Be still my beating heart: SVG viewBox transitions to animate custom shapes

For the Makeover Monday challenge week 7 I wanted to try animating a more complex shape using D3, based on the data.

In my design there is a heart for each series in the dataset, and the size of the heart is based on the average spend for the year. The visualisation ticks through each year, updating the hearts' size accordingly.

My final animated design is viewable here: https://bl.ocks.org/tomshanley/raw/84ecfc69ffee2e1a0393e0ccab9d4d84/

To achieve the animated beating heart effect, I tried using a .PNG image of a heart, and setting the width/height based on the data. The issues I ran into with this approach were:

  • Keeping the centre the image the static while changing the size. As the image changed size, its centre would move.
  • Keeping surrounding elements in place. As the image changed size, the webpage would readjust accordingly.

The solution I landed on was to use a SVG image of a heart, and as the data changed:

  1. Keep the SVG width/height (aka, its "viewport") the same. This meant that the SVG element with the DOM does not change size, so surrounding element on the webpage were unaffected.
  2. Changing the SVG's viewBox dimensions to be inversely proportional to the data, ie as the data value increased, the size of the viewBox decreases. This results in a larger heart shape, as SVG then scales the viewBox to fit within the SVG's width and height.

The way SVG works within a page is that will scale the viewBox to fit inside the viewport.  If the viewBox is bigger than the viewport, the image will be scaled down to fit inside the viewport.

Simple example

The images below illustrate what is happening.

In svg 1, the width and height of the SVG is set to 400px. The SVG's viewBox attributes are set to:

  • x = -200
  • y = -200
  • width = 400
  • height = 400

The rect element has the following attributes:

  • x = -100
  • y = -100
  • width = 200
  • height = 200

This results in a square positioned in the middle of the SVG element. As the viewBox's width and height match the SVG element's width and height (ie 400), no resizing occurs:

viewBox-example.gif

For svg 2, I keep everything the same, except for multiplying the viewBox attributes by two:

  • x = -400
  • y = -400
  • width = 800
  • height = 800

As the viewBox's width and height is double the SVG element's width and height, the browser will scale down the contents of the viewBox, which results in a rect element that looks to be quarter of the size of the original rect, and which is still centred in the middle of the SVG element.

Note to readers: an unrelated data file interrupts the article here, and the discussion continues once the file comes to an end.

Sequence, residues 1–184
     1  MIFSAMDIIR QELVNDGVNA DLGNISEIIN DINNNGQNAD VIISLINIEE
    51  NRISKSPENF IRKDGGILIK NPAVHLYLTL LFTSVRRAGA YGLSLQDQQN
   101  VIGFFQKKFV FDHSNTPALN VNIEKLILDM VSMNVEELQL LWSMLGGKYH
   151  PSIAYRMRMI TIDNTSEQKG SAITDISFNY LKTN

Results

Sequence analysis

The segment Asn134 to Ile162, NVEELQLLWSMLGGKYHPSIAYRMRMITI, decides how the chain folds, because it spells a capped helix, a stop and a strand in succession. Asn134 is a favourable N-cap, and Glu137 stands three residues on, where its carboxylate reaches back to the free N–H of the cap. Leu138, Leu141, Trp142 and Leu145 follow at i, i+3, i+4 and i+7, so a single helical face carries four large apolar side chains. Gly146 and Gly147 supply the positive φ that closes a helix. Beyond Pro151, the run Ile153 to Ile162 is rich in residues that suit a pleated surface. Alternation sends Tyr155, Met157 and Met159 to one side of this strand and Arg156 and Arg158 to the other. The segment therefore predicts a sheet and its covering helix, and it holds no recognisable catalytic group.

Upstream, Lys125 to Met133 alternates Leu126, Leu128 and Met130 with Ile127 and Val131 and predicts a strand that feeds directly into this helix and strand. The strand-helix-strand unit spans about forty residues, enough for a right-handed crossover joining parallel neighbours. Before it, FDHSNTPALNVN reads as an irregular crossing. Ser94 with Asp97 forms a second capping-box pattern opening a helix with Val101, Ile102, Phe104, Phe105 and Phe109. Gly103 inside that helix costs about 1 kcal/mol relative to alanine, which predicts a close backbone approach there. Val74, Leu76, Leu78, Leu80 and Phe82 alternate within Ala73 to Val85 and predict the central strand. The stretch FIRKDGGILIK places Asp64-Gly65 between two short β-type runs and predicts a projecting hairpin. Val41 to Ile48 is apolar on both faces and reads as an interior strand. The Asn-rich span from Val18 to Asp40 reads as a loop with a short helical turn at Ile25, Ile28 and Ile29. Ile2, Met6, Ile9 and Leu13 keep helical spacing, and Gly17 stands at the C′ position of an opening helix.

It is important to note that the rect's area is scaled by a factor of four (two squared).

* There are different methods for how this scaling occurs which I won't cover here, but see this excellent article for more information viewBox and viewports. I use "xMidYMid meet", which help keeps everything centred.

Normally you wouldn't want to use this method if you are just drawing simple shapes like squares or circles (where D3 can easily update their size and position). But as for heart shapes, it can be very useful.

Make a heart

To make sure that the heart remained in the centre of the SVG, the path for the shape is drawn with 0,0 in the middle:

const heartPath = "m-1.249995,-26.393731c19.790171,-56.111793 97.328709,0 0,72.143734c-97.328709,-72.143734 -19.790171,-128.255527 0,-72.143734z";

Draw the heart for each series

Each heart was drawn using the same SVG path data, and same height and width for the SVG element:

var heartSVG = heartDiv.append("svg")
.attr("width", chartWidthHeight)
.attr("height", chartWidthHeight)

...

heartSVG.append("path")
.attr("id", function(d){ return d.objectOfAffection; })
.attr("d", heartPath)

Set the size of the viewBox

The size of the heart was then manipulated via the viewBox setting for the SVG element:

var heartSVG = heartDiv.append("svg")
...
.attr("viewBox", viewBox)
.attr("preserveAspectRatio", "xMidYMid meet")

My viewBox function returns the variable expected for the SVG ViewBox value, ie <min-x> <min-y> <width> <height>:

function viewBox(d) {
var viewBoxWH = svgDimension(d);
var viewBoxXY = -(svgDimension(d) / 2);
return viewBoxXY + " " + viewBoxXY + " " + viewBoxWH + " " + viewBoxWH;
};

The viewBox's height and width (viewBoxWH ) was calculated:

  • the proportion the data value to the SVG element's viewport's height and width
  • this proportion was square-rooted, as we want the heart's area to represent the data value, not it's height and width.
  • The square-rooted proportion was multiplied to the SVG height and width, and used for the ViewBox's height and width.
function svgDimension(d) {
var yearCol = "y" + year; //lookup the value from the right column
var proportion = chartWidthHeight / d[yearCol];
var sqrtProp = Math.sqrt(proportion);
return chartWidthHeight * sqrtProp;
}

The ViewBox's X and Y offset (viewBoxXY) was set to be half that value, and negative, so the 0,0 coordinates remained central to the SVG element.

Animate the beating hearts

The hearts transition between values using the D3 easeElasticOut function to achieve the heart beating effect, and uses Mike Bostock's suggested pattern for creating concurrent chained transitions:

function beat(selection, duration) { 
 year = year === 2016 ? 2008 : year + 1;
 var amp = 1; var period = 0.2;

 selection.transition()
 .duration(duration)
 .ease(d3.easeElasticOut.amplitude(amp).period(period))
 .attr("viewBox", viewBox);

 selection.selectAll("path")
 .transition()
 .duration(duration)
 .ease(d3.easeElasticOut.amplitude(amp).period(period))
 .style("opacity", opacity);

 ...

 setTimeout(function() { beat(selection, duration); }, duration);

};


There may be better, more intuitive ways to achieve the same effect, and keep the other elements stable on the page (possibly using CSS positions), but I was pleased with the results.

Hugs and kisses, Tom